Monday, August 22, 2011

The CEOs astounding balancing act

From The Definitive Drucker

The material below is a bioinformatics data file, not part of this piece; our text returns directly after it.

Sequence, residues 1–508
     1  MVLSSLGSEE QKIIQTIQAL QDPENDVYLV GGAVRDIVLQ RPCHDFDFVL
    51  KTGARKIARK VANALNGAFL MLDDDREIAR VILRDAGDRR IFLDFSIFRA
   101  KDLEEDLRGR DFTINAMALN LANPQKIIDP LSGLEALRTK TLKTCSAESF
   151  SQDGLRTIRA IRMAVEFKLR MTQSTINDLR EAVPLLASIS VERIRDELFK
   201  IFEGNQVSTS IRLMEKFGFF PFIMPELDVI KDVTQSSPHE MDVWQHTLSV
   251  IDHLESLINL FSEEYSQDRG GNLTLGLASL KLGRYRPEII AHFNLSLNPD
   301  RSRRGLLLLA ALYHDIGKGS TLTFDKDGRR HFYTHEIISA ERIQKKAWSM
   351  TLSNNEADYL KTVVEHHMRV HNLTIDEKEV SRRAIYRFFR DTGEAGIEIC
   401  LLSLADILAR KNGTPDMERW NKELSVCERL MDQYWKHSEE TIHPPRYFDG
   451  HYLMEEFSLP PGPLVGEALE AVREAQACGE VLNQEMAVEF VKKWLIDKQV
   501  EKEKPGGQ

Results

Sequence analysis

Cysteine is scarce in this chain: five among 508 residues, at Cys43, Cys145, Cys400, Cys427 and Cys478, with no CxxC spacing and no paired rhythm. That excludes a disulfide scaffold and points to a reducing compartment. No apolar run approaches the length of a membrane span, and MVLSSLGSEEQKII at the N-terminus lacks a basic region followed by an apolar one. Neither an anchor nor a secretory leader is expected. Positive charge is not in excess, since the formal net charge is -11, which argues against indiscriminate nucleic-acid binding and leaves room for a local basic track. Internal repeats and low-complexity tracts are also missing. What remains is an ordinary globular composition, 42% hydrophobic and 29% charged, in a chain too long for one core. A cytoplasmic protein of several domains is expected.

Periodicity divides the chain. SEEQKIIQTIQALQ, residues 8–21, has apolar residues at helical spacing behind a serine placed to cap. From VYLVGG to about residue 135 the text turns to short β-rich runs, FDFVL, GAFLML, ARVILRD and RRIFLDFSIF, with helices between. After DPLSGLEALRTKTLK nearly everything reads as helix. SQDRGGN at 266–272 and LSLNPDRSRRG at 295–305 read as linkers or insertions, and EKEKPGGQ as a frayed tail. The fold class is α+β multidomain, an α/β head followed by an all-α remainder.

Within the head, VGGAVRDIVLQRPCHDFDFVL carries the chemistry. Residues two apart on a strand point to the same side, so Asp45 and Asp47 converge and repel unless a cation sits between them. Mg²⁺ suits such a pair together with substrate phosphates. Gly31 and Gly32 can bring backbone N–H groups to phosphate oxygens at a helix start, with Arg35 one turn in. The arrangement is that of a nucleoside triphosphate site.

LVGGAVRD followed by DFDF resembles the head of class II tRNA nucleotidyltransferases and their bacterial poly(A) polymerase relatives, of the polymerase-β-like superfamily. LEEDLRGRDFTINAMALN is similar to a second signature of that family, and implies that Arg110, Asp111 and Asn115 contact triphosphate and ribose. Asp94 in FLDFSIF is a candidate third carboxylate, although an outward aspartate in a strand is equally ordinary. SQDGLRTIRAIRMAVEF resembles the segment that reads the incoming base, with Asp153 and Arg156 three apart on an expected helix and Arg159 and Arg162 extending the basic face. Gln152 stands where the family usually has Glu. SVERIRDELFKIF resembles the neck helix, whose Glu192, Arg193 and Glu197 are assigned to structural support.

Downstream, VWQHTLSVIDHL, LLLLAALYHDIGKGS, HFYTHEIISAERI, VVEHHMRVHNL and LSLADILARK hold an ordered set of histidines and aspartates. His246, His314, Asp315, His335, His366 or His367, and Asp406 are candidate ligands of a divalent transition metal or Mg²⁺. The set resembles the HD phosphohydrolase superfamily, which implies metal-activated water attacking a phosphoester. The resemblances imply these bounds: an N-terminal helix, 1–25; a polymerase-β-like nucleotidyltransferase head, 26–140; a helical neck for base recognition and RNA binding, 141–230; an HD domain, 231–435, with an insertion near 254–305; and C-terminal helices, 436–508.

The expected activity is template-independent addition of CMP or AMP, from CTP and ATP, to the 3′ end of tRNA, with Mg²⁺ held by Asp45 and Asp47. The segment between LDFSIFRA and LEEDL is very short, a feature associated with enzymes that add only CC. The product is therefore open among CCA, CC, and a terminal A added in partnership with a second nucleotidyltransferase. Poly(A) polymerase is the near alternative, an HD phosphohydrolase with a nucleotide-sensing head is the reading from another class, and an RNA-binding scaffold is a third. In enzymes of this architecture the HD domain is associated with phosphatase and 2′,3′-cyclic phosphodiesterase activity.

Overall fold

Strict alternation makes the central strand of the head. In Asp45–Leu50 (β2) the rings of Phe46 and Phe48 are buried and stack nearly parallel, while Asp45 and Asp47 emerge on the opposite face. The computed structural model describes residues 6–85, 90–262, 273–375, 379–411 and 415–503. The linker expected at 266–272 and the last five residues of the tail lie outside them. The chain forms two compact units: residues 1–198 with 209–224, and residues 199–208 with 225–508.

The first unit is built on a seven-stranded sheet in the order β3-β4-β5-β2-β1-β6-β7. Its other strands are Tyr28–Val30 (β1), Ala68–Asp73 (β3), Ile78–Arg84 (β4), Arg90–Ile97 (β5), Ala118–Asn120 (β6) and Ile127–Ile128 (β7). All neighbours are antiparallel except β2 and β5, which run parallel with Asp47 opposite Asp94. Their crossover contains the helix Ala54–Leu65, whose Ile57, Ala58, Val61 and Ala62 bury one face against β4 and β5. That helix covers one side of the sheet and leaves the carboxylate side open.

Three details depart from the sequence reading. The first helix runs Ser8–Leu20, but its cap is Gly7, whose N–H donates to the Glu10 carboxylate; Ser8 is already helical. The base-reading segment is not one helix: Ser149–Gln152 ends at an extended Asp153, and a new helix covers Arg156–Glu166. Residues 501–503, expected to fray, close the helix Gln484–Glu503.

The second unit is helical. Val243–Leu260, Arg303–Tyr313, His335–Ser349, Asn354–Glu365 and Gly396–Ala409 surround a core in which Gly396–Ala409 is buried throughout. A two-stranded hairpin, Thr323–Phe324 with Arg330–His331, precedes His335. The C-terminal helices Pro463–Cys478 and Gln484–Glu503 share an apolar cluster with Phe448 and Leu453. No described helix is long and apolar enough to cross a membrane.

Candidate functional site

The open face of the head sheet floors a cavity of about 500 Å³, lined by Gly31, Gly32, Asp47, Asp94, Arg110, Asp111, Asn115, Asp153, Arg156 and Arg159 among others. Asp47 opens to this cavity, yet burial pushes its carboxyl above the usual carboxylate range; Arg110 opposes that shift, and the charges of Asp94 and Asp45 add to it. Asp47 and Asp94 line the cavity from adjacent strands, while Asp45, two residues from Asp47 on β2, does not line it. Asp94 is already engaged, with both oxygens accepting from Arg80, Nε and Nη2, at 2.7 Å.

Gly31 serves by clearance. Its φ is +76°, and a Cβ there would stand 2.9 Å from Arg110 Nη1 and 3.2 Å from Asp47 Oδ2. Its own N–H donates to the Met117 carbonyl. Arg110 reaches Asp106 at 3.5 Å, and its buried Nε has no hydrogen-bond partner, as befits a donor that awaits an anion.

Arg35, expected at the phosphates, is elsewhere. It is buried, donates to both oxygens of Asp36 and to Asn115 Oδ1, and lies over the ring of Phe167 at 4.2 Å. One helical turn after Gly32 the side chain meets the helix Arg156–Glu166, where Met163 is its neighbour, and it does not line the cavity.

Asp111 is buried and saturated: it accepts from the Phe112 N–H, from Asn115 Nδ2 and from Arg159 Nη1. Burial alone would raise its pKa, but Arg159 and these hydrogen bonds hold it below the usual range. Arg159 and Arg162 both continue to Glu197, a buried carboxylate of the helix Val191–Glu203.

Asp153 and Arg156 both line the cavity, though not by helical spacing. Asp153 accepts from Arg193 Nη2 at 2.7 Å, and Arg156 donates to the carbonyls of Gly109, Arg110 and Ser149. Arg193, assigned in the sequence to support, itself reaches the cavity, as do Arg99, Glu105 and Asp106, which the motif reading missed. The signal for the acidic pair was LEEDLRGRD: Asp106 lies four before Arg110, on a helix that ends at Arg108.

… I've touched on failure, so I should mention success. Six of Business Week's top ten fastest-growing small American companies, and seven of the ten companies that have shown the greatest equity value gains over the last five years, didn't even exist twenty years ago. This dramatic performance highlights a key challenge to CEOs: to wrest the ability to challenge assumptions and redefine the way business is done from the financial markets. Up until now, the venture capital and equity markets have served as the primary vehicles for creating new ways of doing business and even innovation—closing companies and opening new ones. Sure, shareholders liked this power, but it flies in the face of the business's need to sustain itself. Ultimately this short-term obsession with results is closing down businesses, displacing employees, and ruining communities. It is the CEO's responsibility to use his or her uniquely broad field of vision to challenge the status quo when answering the question "What is needed?" so that companies and communities can remain viable. On top of everything else, CEOs must do an astounding balancing act: They must lead the enterprise for the customers and employees and accommodate, but not bow to, the harsh demands of the stock market.

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